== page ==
subrecipients. Section 1-7 of Managing CDBG: A Guidebook for Grantees on Subrecipient
Oversight further clarifies that because 24 CFR 570.501(a) provides that local governments are
subject to the same requirements as subrecipients, interagency or interdepartmental agreements
should include the same provisions as those required in a subrecipient agreement, which is
described in 24 CFR 570.503(b).

In addition, the Providence Redevelopment Agency did not execute an agreement with the City’s
Office of Community Development for administration of the NSP. City officials did not believe
that an agreement between the two departments was necessary and confirmed that no agreement
existed between the departments to ensure compliance with 24 CFR 570.503(b). By not having a
written agreement to define the responsibilities of each department, the Providence
Redevelopment Agency, as the designated department, may not have had adequate control over
or accountability for the decisions made by the Office of Community Development, which may
have negatively impacted the program objective.

State Officials Did Not Provide Adequate Oversight of Their Subrecipients
The State delegated the administration of its entire NSP allocation to Rhode Island Housing and
the City but remained accountable for the administration and monitoring of those funds. HUD
has developed various guidebooks to assist grantees with grant administration, and HUD’s
Managing CDBG: A Guidebook for Grantees on Subrecipient Oversight provides grantees, such
as the State, with detailed information “for the major steps in selecting, training, managing,
monitoring and supporting subrecipients” and notes that “together, these elements constitute the
basic components of a subrecipient oversight system.” However, State officials performed
limited oversight of their subrecipients. They also did not review supporting documentation for
the NSP request for funds from Rhode Island Housing or the City. Instead, they relied on the
subrecipients to review their own support and ensured only that the NSP funds were available
before they approved a request for payment.

According to the Guidebook, “Monitoring should not be a ‘one-time event.’ To be an effective
tool for avoiding problems and improving performance, monitoring must involve an on-going
process of planning, implementation, communication, and follow-up.” However, State officials
did not monitor their subrecipients to ensure that they followed program rules and regulations.
Specifically, the State did not monitor Rhode Island Housing during the grant period, and while
State officials did perform a monitoring review of the City in 2012, the results were provided
only in a draft and not communicated to the City.12




12
  According to the officials at the Office of Housing and Community Development, the monitoring results were not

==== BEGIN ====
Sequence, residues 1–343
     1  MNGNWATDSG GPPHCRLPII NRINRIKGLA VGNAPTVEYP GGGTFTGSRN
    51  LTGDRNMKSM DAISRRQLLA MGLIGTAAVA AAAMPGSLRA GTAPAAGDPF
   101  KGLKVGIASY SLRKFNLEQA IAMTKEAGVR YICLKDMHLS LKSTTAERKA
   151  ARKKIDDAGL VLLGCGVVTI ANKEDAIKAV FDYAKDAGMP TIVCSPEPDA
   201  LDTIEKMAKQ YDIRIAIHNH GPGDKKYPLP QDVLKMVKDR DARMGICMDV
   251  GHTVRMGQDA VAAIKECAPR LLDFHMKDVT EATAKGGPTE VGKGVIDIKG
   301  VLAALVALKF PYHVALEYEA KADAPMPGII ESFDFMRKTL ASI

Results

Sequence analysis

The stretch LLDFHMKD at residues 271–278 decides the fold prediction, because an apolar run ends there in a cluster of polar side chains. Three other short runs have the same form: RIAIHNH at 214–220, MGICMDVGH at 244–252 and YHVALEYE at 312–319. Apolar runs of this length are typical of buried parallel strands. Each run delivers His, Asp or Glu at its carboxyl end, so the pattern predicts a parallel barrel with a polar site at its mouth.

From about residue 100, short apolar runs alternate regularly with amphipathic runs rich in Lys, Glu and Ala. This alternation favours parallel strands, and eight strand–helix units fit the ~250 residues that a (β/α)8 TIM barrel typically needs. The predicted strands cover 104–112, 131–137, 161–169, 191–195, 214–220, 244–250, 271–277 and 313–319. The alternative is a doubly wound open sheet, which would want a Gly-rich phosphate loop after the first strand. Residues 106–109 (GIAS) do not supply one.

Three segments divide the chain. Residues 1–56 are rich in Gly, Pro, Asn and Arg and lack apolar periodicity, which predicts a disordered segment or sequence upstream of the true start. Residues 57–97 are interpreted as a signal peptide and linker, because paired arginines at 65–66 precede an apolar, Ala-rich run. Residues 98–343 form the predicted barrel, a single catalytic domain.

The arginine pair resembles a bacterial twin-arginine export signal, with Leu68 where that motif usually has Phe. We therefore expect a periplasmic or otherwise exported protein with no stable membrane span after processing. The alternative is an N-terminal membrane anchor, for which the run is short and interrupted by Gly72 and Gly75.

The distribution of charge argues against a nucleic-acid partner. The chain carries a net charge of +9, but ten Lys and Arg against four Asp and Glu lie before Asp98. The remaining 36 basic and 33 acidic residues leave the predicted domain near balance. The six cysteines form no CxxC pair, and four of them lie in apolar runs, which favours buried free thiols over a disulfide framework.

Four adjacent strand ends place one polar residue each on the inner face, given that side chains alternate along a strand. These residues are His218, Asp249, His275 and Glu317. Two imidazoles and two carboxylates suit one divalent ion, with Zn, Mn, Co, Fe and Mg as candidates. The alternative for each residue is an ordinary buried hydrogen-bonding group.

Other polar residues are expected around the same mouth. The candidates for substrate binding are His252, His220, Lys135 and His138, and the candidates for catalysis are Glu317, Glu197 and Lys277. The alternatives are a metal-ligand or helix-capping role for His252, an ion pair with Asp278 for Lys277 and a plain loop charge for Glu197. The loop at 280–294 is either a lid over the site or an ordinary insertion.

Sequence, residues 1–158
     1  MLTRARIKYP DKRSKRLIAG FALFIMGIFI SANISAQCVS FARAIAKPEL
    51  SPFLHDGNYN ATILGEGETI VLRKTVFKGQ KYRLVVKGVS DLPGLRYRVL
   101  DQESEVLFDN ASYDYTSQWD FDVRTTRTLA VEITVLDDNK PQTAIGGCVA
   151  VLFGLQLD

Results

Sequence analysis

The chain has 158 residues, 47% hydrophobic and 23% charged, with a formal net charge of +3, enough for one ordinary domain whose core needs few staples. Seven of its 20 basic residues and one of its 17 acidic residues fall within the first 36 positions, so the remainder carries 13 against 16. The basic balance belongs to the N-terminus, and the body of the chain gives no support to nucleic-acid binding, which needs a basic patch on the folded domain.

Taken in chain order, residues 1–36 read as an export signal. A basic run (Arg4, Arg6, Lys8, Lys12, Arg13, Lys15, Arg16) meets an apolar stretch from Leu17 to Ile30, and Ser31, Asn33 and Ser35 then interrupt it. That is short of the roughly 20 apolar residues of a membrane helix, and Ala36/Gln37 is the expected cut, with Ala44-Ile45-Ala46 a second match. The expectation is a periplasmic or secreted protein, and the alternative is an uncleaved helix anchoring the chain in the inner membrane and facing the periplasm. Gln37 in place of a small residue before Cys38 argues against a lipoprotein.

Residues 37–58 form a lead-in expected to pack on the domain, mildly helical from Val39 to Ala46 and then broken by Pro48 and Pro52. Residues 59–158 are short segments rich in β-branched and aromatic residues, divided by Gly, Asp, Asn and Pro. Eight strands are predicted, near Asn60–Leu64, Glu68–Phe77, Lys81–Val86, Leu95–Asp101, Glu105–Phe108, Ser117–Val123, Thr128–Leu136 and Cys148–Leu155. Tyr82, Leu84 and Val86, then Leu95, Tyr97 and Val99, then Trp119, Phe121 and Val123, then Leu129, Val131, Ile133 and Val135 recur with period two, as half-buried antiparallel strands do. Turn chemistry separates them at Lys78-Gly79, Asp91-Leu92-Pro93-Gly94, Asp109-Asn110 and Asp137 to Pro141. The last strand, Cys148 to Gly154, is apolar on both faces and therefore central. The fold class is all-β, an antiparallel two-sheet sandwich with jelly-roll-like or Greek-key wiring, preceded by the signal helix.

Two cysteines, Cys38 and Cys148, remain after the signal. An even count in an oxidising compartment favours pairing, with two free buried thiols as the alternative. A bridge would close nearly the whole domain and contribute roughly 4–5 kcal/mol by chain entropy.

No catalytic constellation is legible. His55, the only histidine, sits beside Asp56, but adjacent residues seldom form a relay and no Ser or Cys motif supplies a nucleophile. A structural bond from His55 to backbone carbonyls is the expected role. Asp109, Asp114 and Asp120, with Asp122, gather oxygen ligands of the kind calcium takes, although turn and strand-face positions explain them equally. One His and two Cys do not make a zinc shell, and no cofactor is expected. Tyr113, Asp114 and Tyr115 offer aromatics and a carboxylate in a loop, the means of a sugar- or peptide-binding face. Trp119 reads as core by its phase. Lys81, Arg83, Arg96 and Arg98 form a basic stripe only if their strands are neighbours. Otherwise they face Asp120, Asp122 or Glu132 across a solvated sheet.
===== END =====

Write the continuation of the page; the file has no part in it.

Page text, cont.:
provided to the City because HUD had also performed a review of the City at that time; therefore, officials stated
that the results were similar and they did not want to interfere with HUD’s actions.



                                                         14
State officials contended that they had planned to conduct a file review at Rhode Island Housing
in January 2014 but did not do so. Instead they planned to work with HUD to conduct a full
monitoring before closeout. In June 2014, the supervisor from the Office of Housing and
Community Development was at Rhode Island Housing reviewing its files; however, this was
done after the NSP1 was completed and all of the projects were finished and funded.

Conclusion
State officials did not ensure that their subrecipients properly administered the NSP and that
costs incurred were in accordance with regulations. As a result, they spent more than $6.3
million in NSP funds for costs that were not properly supported and eligible. We attribute these
deficiencies to the State’s failure to (1) execute the proper agreements to define NSP
responsibilities and (2) implement oversight controls and monitoring sufficient to ensure
compliance with all applicable regulations. As a result, State officials could not assure HUD that
reasonable and necessary costs were charged to the NSP and that NSP funds were used
effectively and efficiently.

Recommendations
We recommend that HUD’s Director of Community Planning and Development instruct State
officials to

       1A.     Repay $1,306,205 in NSP funds spent for ineligible activity costs from non-
               Federal funds.
       1B.     Provide documentation to support that $4,235,773 in NSP funds was spent for
               eligible costs by obtaining documentation showing that the projects met a national
               objective, purchase price discounts were met, rehabilitation costs were reasonable
               and necessary, resale prices were in accordance with NSP requirements, rental
               amounts were affordable, and developers assumed risk by investing some of their
               own money in the project as applicable and if such support cannot be provided,
               repay the amount.

       1C.     Provide support for the necessity and reasonableness of $489,518 in unexpended
               NSP funds or reallocate the funds for other eligible NSP activities.

       1D.     Repay $100,250 in NSP funds that were spent for ineligible administrative
               expenses.

       1E.     Provide documentation to support $265,572 in unsupported administrative
               expenses. Any expenses determined not to be properly supported should be
               considered ineligible and reimbursed.

       1F.     Ensure that all of the NSP activities have the proper deed restrictions in place to
               ensure that the NSP properties remain affordable for the required affordability
               period and the NSP funds are protected.